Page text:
Wooden's World of Baseball

Sunday, July 27, 2008

An all-time Indy great, Vic Davilla

It's been nearly a year since I last wrote about anything related to the North Shore Spirit, but it's nice to see that some of the old-time Spirit (guys I saw day-to-day from 2003 to 2005) are continuing to play ball.

Today, I'd like to write about one of the all-time greats, Vic Davilla. If there ever is an Independent Baseball Hall of Fame, Vic would have to be in the first class, along with Eddie Lantigua and Joel Bennett. He is the very reason why anybody should fall in love with independent baseball, as he plays because that's what he is: A ballplayer.

Vic's story is a lot like most independent guys. He grew up in the Bronx and went to Westchester Community college. The Toronto Blue Jays took a chance on him in as a 20-year-old in 1993 and assigned him to the Gulf Coast League, where he hit .302 with 2 HRs and 20 RBI in 50 games - good enough to earn him a promotion to low-A Hagerstown the following year.

That turned out to be Vic's worst season as a pro, hitting a career-low .244 in 77 games with an OBP of just .298 also a career-low. Vic would spend the next two seasons in the high-A Florida State League, and while his numbers improved they just weren't good enough for a 24-year-old utility guy and he was released following the 1996 season.

Vic began his independent career in 1997 with the Adirondack Lumberjacks. The average began to steadily rise, and the power began to come on. His break out year came in 2000 while with the Albany-Colonie Diamond Dogs of the Northeast League (the predecessor to the Can-Am league).

The thing to keep in mind with independent baseball is that most teams play about 90 games. So if you're looking to translate them to a long-season format, the quickest way to do it is to multiply by a factor of 1.6 - which makes Vic's 2000 campaign look like this:

.334 BA, 35 doubles, 8 triples, 16HR, 96RBI and 93 runs scored.

Over the next seven seasons, Vic would "average" (by the math above) .320BA, 98 runs scored, 157 hits, 32 doubles, 2 triples, 26HR and 105RBI for a 140-game season. He was an all-star nearly every year during this span and was the Can-Am League player of the year in 2006, which ostensibly earned him the promotion to the manager of the North Shore Spirit for the 2007 campaign.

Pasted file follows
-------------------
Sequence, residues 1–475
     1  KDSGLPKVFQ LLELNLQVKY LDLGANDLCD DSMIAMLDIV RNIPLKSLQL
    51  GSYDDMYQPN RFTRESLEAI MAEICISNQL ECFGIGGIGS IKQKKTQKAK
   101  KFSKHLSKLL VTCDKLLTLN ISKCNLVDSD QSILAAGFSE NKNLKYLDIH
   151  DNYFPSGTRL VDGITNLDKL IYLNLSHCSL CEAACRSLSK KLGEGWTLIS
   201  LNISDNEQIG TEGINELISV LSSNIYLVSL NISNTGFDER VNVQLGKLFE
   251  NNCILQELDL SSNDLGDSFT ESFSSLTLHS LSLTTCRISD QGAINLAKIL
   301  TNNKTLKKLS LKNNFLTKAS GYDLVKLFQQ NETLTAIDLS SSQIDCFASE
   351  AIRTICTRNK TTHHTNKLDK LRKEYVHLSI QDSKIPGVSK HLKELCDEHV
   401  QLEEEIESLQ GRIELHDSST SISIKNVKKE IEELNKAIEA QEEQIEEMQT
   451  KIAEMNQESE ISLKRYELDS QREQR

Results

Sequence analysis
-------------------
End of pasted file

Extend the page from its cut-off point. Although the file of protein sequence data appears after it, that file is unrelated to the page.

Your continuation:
Vic says 2008 will be it for him. It may very well be, considering that he's been released twice due to the roster restrictions that make it tough for a team to carry a veteran player if he's not in a given "slot," though Vic has been able to play his usual corner IF and LF positions.

His production is still as good as ever: In 15 games with the New Jersey Jackals, he hit .279 with a HR and 15RBI. In 5 games with the Brockton Rox, he hit .364 with 4 doubles and 6 RBI. And since the Wichita Wingnuts picked him a little less than two weeks ago, he's hit .324 with 2 HR and 6RBI in just 9 games.

Unfortunately, Wichita trails in the standing by 5 games with less than three weeks to go. Vic's chances of winning a championship, which seemed so certain from 2004 to 2007, may be fading fast. But if there's anyone who will run it out and not throw in the towel, it's Vic.

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A little side note. It appears I've been banned by the folks at Nationals Farm Authority after a private exchange by e-mail over a public chastising by administrator John P. Yuda. It's not the first time I've been banned from a forum and it probably won't be the last, but if you're reading this and would like to campaign on my behalf, I'd like to invite you to e-mail him at the following e-mail addresses:





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